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CSS Combinators: Using General Siblings


In this second part of a three-part tutorial, I develop a couple of examples which show how easy it is to exploit the functionality provided by the general sibling combinator, and how its usage (even in simple cases) can lead to writing shorter and more efficient CSS snippets.

Author Info:
By: Alejandro Gervasio
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January 25, 2012
TABLE OF CONTENTS:
  1. · CSS Combinators: Using General Siblings
  2. · Using the General Sibling Combinator

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CSS Combinators: Using General Siblings
(Page 1 of 2 )

As one of the most underrated facilities of the CSS specification, combinators are powerful tools that allow you to improve the assignment of styles to elements on a web page. While their functionality remained “forgotten” in a dark corner for many years, due to the lack of a proper support by some browser vendors (with Internet Explorer clearly leading the crowd), things have changed for good. Now it’s possible to utilize them in a pretty cross-browser fashion.

The best way to demonstrate how useful combinators can be is through some concrete, functional code samples. In keeping with this requirement, in the previous part of this tutorial I created several. They showed how to use the adjacent sibling combinator (+) to define the visual presentation of a simple paragraph, first when it was an adjacent sibling of another paragraph, and then when playing the same role with an H2 element. In both cases, styling the paragraph was a breeze. Best of all, I didn't have to use additional classes or “ids.”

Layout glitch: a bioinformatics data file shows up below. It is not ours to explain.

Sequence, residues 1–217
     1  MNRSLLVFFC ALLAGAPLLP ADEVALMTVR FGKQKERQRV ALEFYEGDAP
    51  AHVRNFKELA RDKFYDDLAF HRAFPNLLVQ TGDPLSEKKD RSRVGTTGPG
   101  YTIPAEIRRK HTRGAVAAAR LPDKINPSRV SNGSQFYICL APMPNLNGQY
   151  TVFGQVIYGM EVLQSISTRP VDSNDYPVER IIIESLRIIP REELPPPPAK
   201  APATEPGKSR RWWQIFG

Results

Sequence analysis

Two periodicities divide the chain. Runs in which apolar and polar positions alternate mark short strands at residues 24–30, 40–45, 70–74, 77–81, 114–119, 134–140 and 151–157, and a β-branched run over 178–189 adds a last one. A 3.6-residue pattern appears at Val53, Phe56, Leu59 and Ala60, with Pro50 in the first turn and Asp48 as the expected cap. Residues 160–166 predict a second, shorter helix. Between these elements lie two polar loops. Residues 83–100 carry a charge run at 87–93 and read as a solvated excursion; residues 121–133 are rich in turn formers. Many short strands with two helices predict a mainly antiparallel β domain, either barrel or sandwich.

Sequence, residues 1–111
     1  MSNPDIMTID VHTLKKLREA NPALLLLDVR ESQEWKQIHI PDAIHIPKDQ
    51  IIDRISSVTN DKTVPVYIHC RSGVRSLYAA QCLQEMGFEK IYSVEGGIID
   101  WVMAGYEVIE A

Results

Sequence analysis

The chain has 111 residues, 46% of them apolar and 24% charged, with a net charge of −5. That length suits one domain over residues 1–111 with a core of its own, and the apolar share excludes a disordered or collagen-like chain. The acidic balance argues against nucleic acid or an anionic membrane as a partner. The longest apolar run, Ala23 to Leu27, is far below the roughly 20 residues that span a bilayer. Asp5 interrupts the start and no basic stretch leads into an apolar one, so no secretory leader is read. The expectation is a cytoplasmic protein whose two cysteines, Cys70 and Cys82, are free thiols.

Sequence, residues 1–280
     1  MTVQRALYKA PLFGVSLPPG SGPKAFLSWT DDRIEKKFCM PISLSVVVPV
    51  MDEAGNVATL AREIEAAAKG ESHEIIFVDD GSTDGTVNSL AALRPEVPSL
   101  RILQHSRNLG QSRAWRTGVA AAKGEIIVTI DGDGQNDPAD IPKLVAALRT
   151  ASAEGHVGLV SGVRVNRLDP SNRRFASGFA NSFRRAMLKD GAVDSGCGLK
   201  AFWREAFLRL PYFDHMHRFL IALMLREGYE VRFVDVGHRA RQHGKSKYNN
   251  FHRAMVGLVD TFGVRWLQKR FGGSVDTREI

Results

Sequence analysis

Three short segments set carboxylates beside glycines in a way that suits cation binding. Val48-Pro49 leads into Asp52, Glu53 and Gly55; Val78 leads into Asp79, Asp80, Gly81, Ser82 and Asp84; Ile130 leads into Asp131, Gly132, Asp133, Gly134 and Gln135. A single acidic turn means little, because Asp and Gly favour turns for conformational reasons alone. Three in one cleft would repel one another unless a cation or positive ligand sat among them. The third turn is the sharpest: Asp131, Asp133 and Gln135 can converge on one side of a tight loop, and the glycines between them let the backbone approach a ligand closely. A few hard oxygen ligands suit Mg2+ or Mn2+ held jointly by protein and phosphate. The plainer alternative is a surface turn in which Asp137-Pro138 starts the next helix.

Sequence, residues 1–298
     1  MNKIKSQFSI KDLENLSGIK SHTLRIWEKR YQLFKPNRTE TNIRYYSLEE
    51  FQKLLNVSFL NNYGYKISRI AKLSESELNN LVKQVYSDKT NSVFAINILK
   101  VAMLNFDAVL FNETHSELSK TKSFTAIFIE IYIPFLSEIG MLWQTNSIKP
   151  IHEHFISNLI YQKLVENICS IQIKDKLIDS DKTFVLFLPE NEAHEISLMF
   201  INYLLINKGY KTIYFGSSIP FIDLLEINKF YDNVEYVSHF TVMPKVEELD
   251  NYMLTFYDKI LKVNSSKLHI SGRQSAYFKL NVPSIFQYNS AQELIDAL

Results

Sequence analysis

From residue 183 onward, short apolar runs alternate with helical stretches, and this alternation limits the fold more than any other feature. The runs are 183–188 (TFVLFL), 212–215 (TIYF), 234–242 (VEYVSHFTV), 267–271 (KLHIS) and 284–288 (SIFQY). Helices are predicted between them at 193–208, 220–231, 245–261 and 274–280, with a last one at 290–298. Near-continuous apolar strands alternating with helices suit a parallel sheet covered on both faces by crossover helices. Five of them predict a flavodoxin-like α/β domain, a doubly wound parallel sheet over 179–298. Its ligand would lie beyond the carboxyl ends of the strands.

As I noted in the first part, there are a few other CSS combinators whose functionality deserves a close analysis as well, such as the general sibling combinator (~) and the child combinator (>). To keep things clear and understandable, in the lines to come I’ll be explaining how to utilize the former, so that you can grasp its driving logic and quickly put it to work for you.